Uber BV v Aslam: The future for Uber and the implications for the gig economy - Akshaya Kalaiyalahan

Earlier this year, the Supreme Court issued a historic judgement in the case of Uber BV v Aslam, when it declared that Uber drivers are more appropriately classified as ‘workers’, rather than ‘independent contractors’. The origins of the case can be traced back to 2016, when the Employment Tribunal, in response to claims brought by a small group of Uber drivers, first held that Uber drivers should be characterised as workers. After unsuccessful appeals to both the Employment Appeal Tribunal (EAT) and the Court of Appeal, the case progressed to the Supreme Court, which- to Uber’s disappointment- cemented the employment status of Uber drivers as workers.


Uber’s Argument

In pleading their case, Dinah Rose QC and Fraser Campbell (representatives for Uber) argued that Uber drivers are subject to two separate contracts. They alleged that one contract governs the relationship between the drivers and Uber, a purported 'independent' company that receives a fee to advertise the services of the drivers, while another contract exists between the Uber drivers and the passengers- reinforcing their position as independent contractors.


Interestingly, the Supreme Court rejected this proposition and held that, in reality, Uber contracts with the passengers, while the drivers are responsible for accepting and undertaking the bookings. In doing so, the Supreme Court eschewed the written agreement between the transportation corporation and its drivers, spotlighting the indisputable presence of a power imbalance as a hindrance upon using existing contracts to gauge the realities of the Uber-Uber driver relationship.


Supreme Court Reasoning For The Decision

The Supreme Court’s decision to classify Uber drivers as workers can ultimately be reduced to Uber’s high degree of control over drivers utilising their platform. Nevertheless, five reasons dominate the Supreme Court’s judgement. They are as follows:


1) The service fee deducted by Uber and monetary compensation received by drivers is to the discretion of Uber.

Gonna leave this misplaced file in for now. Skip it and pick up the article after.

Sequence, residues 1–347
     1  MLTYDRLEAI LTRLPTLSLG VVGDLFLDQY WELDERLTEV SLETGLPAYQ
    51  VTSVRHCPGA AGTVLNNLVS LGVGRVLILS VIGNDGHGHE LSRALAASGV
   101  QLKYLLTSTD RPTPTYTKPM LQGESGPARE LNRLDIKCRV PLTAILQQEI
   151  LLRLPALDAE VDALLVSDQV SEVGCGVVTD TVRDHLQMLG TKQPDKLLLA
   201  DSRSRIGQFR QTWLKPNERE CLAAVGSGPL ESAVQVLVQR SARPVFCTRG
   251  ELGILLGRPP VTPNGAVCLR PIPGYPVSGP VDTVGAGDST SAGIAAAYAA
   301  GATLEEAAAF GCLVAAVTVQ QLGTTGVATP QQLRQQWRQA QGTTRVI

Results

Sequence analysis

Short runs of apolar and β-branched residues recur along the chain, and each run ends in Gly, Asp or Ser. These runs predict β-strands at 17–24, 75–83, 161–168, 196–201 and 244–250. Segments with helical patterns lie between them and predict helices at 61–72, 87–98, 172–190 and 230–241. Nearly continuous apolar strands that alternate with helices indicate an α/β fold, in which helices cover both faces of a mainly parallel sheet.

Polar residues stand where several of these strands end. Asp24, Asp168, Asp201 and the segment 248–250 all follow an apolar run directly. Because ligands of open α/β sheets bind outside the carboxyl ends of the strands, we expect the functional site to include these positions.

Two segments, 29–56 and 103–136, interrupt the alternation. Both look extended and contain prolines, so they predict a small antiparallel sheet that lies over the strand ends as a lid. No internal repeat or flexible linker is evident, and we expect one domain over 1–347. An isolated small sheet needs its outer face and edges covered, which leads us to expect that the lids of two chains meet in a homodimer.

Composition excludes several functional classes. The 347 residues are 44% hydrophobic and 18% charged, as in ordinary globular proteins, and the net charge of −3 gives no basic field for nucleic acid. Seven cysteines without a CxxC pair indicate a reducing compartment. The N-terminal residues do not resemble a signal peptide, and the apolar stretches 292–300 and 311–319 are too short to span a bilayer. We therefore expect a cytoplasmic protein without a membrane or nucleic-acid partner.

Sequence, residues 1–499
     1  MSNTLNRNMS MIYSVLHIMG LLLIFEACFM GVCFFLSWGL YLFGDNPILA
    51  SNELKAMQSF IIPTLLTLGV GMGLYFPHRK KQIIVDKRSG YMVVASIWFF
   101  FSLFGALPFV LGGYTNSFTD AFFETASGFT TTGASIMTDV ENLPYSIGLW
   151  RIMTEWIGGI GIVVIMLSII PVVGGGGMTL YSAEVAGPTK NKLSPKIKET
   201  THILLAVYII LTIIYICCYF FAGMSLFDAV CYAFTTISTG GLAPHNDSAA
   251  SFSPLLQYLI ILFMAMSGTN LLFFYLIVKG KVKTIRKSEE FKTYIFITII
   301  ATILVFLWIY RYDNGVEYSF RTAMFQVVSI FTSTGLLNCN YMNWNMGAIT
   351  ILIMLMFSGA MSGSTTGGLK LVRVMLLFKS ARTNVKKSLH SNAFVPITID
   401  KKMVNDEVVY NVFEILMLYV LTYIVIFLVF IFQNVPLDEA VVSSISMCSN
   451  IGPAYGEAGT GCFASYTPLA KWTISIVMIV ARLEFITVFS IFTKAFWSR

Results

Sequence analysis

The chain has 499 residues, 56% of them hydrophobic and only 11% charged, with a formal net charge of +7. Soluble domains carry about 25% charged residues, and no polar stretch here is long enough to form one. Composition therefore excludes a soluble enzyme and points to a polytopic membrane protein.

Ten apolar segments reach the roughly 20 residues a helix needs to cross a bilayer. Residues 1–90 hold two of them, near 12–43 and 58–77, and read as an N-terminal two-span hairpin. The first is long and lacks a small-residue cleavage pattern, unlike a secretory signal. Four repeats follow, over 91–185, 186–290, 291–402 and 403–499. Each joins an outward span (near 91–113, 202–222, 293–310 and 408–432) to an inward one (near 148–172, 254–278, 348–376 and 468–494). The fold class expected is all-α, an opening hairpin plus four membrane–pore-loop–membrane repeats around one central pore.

2) The rights and responsibilities of drivers are encapsulated in a fixed, signed written agreement.

3) Uber has undertaken measures to effectively punish drivers that cancel an excessive number of scheduled journeys by issuing warnings. Crucial information, such as the destination of the journey, also remain undisclosed until the driver has accepted the request.

4) Uber retains a high degree of control over drivers. For instance, Uber maps out the route for the drivers. While drivers are entitled to divert from established guidance, doing so may engender customer dissatisfaction, leading to a driver’s access to the platform being restricted.

5) The correspondence between Uber drivers and passengers is also highly regulated.



Distinguishing ‘Workers’, ‘Employees’ and ‘Independent Contractors’


To fully grasp the significance of this rehaul of the employment status of Uber drivers, we ought to examine the differential treatment of workers, employees and independent contractors on a statutory basis. Section 230(1) of the Employment Rights Act 1996 provides that an ‘employee’ is an ‘individual who has entered or works under a contract of employment’. Conversely, section 230(3) defines a ‘worker’ as an individual subject to:


(a) A contract of employment

(b) Any other contract, whether express or implied, and undertakes to do or perform personally any work or services for another party to the contract whose status is not that of a client or customer of any profession or business undertaking carried on by the individual.